Walker Laird Sponsors Pride of Paisley

Paisley will always be renowned as the origin of a landmark Scottish law case that not only changed the face of Scots law but changed the basis of negligence and consumer rights throughout the world.

On the 26th of August 1928 May Donoghue, a shop assistant, discovered what she thought were the remains of a decomposing snail in her bottle of ginger beer that a friend had bought for her at the former Wellmeadow café in Paisley. The bottle was not clear glass and Mrs Donoghue had consumed most of its contents before she became aware of the snail. The very sight of the snail caused Mrs Donoghue shock and she also suffered from gastro-enteritis. Mrs Donoghue, represented by the aptly named Mr Leechman, raised legal proceedings against David Stevenson, the local manufacturer of the ginger beer.

Given that her friend had bought the ginger beer for her Mrs Donoghue could not sue for breach of contract. Instead, she alleged that Mr Stevenson, as the manufacturer of the ginger beer, had breached a duty of care to his consumers and his negligence had caused her injuries. Whilst initially unsuccessful at the Court of Session, Scotland’s highest civil court, Mrs Donoghue subsequently appealed to the House of Lords and the decision reached ensured that Paisley would be forever talked about in universities and court rooms throughout the world.

The House of Lords established that manufacturers, like Mr Stevenson, owed a duty of care to the end consumers of their products. The Bible story of the Good Samaritan and the principle of loving your neighbour was even considered by the court in reaching their decision. It was held that manufacturers should care about the consumers of their products much like neighbours should care for one another. This is often referred to as the ‘neighbour principle’. The House of Lords held that the case should be returned to the Court of Session.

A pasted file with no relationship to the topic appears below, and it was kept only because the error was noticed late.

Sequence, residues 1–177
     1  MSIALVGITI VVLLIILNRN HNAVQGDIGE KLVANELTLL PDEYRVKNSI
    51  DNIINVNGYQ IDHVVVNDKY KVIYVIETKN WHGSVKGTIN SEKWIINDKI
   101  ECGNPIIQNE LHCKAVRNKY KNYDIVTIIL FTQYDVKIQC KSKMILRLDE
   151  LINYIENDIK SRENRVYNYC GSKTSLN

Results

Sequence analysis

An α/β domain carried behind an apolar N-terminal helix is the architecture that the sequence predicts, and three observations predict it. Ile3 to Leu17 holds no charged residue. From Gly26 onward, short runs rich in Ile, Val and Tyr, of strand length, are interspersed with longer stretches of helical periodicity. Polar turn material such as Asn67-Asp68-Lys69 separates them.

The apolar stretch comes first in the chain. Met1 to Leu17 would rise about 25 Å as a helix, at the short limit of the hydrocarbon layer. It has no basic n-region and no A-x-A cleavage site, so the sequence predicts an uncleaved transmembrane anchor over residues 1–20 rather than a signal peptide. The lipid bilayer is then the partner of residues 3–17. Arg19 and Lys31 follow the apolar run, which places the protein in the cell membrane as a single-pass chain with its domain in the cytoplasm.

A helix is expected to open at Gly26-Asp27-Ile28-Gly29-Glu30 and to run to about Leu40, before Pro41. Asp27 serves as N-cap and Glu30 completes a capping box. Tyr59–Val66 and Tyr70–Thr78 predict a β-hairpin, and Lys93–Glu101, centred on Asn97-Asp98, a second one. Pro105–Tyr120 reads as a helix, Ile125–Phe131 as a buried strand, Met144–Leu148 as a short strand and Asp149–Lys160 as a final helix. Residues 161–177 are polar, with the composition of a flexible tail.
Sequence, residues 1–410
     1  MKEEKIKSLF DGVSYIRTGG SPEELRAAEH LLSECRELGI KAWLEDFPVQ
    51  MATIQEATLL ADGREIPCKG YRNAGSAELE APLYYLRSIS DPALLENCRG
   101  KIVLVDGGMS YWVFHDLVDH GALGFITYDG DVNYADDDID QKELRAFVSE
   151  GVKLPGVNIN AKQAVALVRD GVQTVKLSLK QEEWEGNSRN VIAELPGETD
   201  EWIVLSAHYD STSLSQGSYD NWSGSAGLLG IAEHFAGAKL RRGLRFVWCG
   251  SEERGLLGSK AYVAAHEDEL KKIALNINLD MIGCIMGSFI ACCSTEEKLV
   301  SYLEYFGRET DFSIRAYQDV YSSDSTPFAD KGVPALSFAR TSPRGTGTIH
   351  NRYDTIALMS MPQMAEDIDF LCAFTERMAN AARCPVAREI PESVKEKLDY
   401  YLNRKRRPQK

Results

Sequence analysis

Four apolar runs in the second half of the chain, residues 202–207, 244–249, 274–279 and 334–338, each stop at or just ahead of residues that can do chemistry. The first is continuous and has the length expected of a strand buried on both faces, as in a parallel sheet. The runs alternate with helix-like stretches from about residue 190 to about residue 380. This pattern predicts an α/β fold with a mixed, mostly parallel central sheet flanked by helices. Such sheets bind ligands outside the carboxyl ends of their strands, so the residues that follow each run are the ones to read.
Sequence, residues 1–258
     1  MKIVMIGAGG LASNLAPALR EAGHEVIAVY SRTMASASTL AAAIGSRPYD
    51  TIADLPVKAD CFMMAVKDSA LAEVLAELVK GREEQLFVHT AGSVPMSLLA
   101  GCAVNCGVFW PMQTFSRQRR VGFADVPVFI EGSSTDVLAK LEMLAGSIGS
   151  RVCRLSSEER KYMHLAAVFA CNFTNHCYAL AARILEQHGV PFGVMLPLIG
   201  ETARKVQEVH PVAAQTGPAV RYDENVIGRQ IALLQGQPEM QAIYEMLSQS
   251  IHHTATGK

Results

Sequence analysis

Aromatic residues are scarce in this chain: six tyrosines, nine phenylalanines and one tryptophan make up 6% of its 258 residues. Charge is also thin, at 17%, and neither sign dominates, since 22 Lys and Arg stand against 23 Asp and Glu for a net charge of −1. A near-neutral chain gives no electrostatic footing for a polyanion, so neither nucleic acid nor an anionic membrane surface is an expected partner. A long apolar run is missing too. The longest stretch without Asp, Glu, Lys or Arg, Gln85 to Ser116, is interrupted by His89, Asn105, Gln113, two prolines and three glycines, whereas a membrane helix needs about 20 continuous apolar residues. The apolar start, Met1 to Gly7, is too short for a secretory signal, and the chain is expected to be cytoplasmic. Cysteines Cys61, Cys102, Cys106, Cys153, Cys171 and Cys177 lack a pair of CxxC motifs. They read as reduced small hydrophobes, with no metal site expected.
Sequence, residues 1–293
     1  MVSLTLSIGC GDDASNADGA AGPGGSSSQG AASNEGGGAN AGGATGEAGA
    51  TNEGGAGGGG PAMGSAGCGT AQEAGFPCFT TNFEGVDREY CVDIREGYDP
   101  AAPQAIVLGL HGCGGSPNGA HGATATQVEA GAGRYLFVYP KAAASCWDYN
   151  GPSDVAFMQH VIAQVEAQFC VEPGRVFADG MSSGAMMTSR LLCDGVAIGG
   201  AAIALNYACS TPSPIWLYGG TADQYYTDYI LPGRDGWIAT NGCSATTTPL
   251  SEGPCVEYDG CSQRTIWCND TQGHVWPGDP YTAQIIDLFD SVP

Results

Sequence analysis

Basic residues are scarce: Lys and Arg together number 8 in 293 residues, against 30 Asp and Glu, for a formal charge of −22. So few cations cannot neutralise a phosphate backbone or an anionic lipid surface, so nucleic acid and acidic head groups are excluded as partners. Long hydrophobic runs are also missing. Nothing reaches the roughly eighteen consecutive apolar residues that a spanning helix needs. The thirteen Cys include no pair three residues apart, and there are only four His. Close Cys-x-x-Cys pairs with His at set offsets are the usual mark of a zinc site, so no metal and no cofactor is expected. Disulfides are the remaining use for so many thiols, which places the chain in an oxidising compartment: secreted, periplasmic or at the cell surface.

Mr Stevenson died before the case ever returned to Court and an out of court settlement was eventually reached where Mrs Donoghue received £200 in compensation. The decision in Donoghue v Stevenson 1932 SC (HL) 31 was an important stage in the development of the law of negligence and has also resulted in legislation being passed to protect consumers from contaminated or faulty goods. Some commentators refer to it as the “case that launched a million lawsuits”.

Having been in Paisley for over 200 years, we at Walker Laird are a proud sponsor of the Pride of Paisley. The Donoghue v Stevenson case is a historical milestone in this great town’s history and firmly put Paisley on the legal world map. We deal with a wide variety of negligence claims and if you have had an accident of any kind, whatsoever, please visit our website and fill in the online enquiry form or contact Michael Wilson or Robert Moore who have over 30 years of experience between them in this area of law. One thing is for sure, if your case ever reaches court one of the first cases referred to will be Donoghue v Stevenson!

We will be sponsoring the Town Hall Lion by artist, Margaret Fraser and the Wellmeadow Street Lion by artist, Caroline Watson in the exhibition that starts this Saturday (July 9th) and runs until September 25th.